Let C be any category. Definition 1.1. (a) An arrow f:
X > Y is called (right) null
if for any pair of parallel arrows (r, s): Z > X
we have fr = fs.
Recall that a terminal (resp. an initial) object Z in a category is strict if any arrow Z > T (resp. T > Z ) is an isomorphism. Remark 1.2. (a) The composition of two
arrows is null if any one of them is null.
Definition 1.3. An arrow f: Y > X is called (right) unitary if for any arrow t: X > T the composition tf is null implies that t is null. Proposition 1.4. (a) Compositions of unitary
arrows are unitary.
Proof. (a) Suppose f: Y > X and g:
Z > Y are two unitary arrows. Consider the composition fg:
Z > X. Let t: X > T be any arrow such that t(fg)
is null. Then g is unitary implies that tf is null, and f
is unitary implies that t is null. This shows that fg is
unitary.
Definition 1.5. An object X is called (right) unitary if the codomain of any null arrow with domain X is terminal. Remark 1.6. An object X is unitary if and only if for any arrow f: X > Y such that Y is nonterminal there is a pair (r, s): Z > X with fr fs. Proposition 1.7. (a) An arrow with a unitary
domain is unitary; its codomain is also unitary.
Proof. Consider any arrow f: X > Y where X
is unitary. Suppose t: Y > T is an arrow. Then the following
assertions are equivalent:
Definition 1.8. A category is called (right) unitary if any object is unitary. Recall the a zero object in a category is an object which is both an initial and a terminate. We say a category is trivial if any object is a zero object. Proposition 1.9. (a) Any arrow in a unitary
category is unitary.
Proof. (a)  (c) are direct consequences of (1.7).
Proposition 1.10. A category is unitary
if and only if the following two conditions are satisfied:
Proof. One direction follows from (1.9.a) and (b). Suppose the conditions are satisfied. From (a) and (1.4.a) we know that the codomain of any null arrow is null, thus terminal by (b). It follows that any object is unitary. Definition 1.11. An object X in
a category is called (right) simple
if the following two conditions are satisfied:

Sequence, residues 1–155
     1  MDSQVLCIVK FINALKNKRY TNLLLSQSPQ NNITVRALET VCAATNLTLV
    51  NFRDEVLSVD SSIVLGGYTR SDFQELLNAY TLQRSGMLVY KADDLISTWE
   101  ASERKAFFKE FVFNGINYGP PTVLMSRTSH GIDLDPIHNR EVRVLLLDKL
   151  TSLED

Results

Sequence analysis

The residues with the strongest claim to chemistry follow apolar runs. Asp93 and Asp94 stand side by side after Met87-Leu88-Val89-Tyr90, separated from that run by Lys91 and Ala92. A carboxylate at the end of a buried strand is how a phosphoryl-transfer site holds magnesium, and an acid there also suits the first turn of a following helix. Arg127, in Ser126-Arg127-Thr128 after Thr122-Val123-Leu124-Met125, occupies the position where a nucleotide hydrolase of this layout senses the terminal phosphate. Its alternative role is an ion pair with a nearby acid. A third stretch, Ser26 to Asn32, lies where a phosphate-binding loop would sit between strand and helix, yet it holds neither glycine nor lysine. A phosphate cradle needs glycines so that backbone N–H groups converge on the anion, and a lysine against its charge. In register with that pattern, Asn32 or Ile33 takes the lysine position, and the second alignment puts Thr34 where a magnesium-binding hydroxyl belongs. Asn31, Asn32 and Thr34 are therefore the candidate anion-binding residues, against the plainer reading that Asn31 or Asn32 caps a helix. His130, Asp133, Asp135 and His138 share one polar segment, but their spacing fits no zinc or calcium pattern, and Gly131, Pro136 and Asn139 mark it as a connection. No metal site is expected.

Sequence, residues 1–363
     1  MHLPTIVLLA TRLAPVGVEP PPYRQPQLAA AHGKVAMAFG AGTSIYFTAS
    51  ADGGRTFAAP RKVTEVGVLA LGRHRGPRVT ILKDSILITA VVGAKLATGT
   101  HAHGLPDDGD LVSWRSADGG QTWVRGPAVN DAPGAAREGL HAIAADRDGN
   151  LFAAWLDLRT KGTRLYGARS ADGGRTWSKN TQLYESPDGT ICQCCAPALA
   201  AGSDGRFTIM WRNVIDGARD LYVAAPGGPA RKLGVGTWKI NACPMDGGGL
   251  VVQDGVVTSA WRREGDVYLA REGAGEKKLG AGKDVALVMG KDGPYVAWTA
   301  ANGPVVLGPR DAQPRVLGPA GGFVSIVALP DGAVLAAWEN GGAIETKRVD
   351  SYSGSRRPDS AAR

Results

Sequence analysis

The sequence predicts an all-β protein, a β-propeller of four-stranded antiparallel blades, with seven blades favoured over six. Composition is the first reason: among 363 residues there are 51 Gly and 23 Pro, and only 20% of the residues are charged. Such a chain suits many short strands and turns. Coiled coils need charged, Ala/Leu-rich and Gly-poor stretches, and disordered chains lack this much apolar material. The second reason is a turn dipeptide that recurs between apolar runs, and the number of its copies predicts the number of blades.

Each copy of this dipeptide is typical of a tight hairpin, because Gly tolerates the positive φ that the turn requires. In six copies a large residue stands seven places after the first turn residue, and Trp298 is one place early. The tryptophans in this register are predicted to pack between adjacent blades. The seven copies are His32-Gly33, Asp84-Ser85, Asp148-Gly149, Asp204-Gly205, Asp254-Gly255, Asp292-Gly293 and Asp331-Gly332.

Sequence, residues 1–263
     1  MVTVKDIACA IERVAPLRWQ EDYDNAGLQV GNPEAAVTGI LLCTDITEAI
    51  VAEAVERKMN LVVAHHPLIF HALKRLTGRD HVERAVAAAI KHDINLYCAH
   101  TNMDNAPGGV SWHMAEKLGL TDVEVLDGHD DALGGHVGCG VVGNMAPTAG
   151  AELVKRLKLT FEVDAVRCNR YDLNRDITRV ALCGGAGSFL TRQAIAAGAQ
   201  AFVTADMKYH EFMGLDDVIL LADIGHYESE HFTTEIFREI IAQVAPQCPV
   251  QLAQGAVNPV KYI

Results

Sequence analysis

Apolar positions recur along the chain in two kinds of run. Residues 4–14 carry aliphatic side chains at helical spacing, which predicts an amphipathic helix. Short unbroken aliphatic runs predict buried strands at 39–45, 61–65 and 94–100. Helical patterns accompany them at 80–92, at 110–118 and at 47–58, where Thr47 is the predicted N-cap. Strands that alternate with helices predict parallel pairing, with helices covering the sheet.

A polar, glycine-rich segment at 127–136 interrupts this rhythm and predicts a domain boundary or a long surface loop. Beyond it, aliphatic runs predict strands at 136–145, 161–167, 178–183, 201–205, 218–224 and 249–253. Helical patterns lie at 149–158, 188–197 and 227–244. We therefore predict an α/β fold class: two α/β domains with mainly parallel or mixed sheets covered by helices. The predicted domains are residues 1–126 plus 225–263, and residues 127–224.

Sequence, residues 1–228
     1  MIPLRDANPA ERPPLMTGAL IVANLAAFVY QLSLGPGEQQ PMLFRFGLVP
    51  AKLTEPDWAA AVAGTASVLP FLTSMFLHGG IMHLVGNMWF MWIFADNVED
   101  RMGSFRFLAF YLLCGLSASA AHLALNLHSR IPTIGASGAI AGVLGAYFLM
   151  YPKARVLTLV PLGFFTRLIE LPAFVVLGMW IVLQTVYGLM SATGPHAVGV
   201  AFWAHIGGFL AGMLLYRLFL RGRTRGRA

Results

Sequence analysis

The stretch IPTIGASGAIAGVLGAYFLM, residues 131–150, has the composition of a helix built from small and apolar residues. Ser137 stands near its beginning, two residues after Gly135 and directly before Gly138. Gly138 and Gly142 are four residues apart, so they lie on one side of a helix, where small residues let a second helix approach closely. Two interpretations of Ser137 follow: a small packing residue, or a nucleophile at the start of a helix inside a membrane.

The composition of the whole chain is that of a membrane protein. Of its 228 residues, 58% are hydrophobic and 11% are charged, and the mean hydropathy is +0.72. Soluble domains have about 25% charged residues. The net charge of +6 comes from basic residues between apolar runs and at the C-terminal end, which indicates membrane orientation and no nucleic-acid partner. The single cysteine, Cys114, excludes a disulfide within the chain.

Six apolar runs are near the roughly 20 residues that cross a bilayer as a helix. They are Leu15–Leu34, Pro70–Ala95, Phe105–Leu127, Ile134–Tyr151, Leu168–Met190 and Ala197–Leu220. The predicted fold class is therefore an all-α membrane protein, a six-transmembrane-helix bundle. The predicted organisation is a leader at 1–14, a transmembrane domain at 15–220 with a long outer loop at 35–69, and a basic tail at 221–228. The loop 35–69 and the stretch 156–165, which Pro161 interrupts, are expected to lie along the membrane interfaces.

Proposition 1.12. Suppose X is
an object in a category with a terminate 0. Then X is a simple
object if and only if the following condition is satisfied:
Proof. In this case the condition (1.11.a) is equivalent to that X > 0 is not monomorphic. Proposition 1.13. Any simple object is unitary. Proof. Any null arrow from a simple object is not monomorphic because of (1.11.a). Therefore its codomain must be terminal by (1.11.b). Corollary 1.14. (a) A category with a
simple initial is a unitary category.
Proof. These follow directly from (1.9.c) and (1.7.a). Definition 1.15. An epimorphism f:
X > U is called a regular epimorphism
if the following condition is satisfied:
Remark 1.16. Suppose f is an arrow having a kernel pair. Then it is regular if and only if it is the coequalizer of that kernel pair. The dual notion of a regular epimorphism is a regular monomorphism. Proposition 1.17. Suppose X is
an object in a category with a strict terminate 0.
Proof. (a) First suppose e: X > 0 is regular.
If t: X > Z is a null arrow, then t factors through
e:
X > 0 by (1.15). Since 0 is strict, Z
must be terminate. Thus X is unitary. Conversely suppose X
is unitary. We verify (1.15) for e. If g:
X > Z is an arrow such that gr = gs for any (r, s):
W > X (note that we always have er = es as 0 is terminal),
then g is null. Thus Z is terminal by assumption. It follows
that Z is isomorphic to 0. Thus g factors through
e: X > 0 uniquely. This proves that e is a regular
epimorphism.
Corollary 1.18. (a) A category with a
terminal object is unitary if and only if the terminal object is strict
and any arrow with a terminal codomain is a regular epimorphism.
Proof. (a) follows from (1.6.a).
Proposition 1.19. Suppose C is a unitary category. For
any object X the category X/C (consisting of arrows
with domain X ) is unitary if any of the following two conditions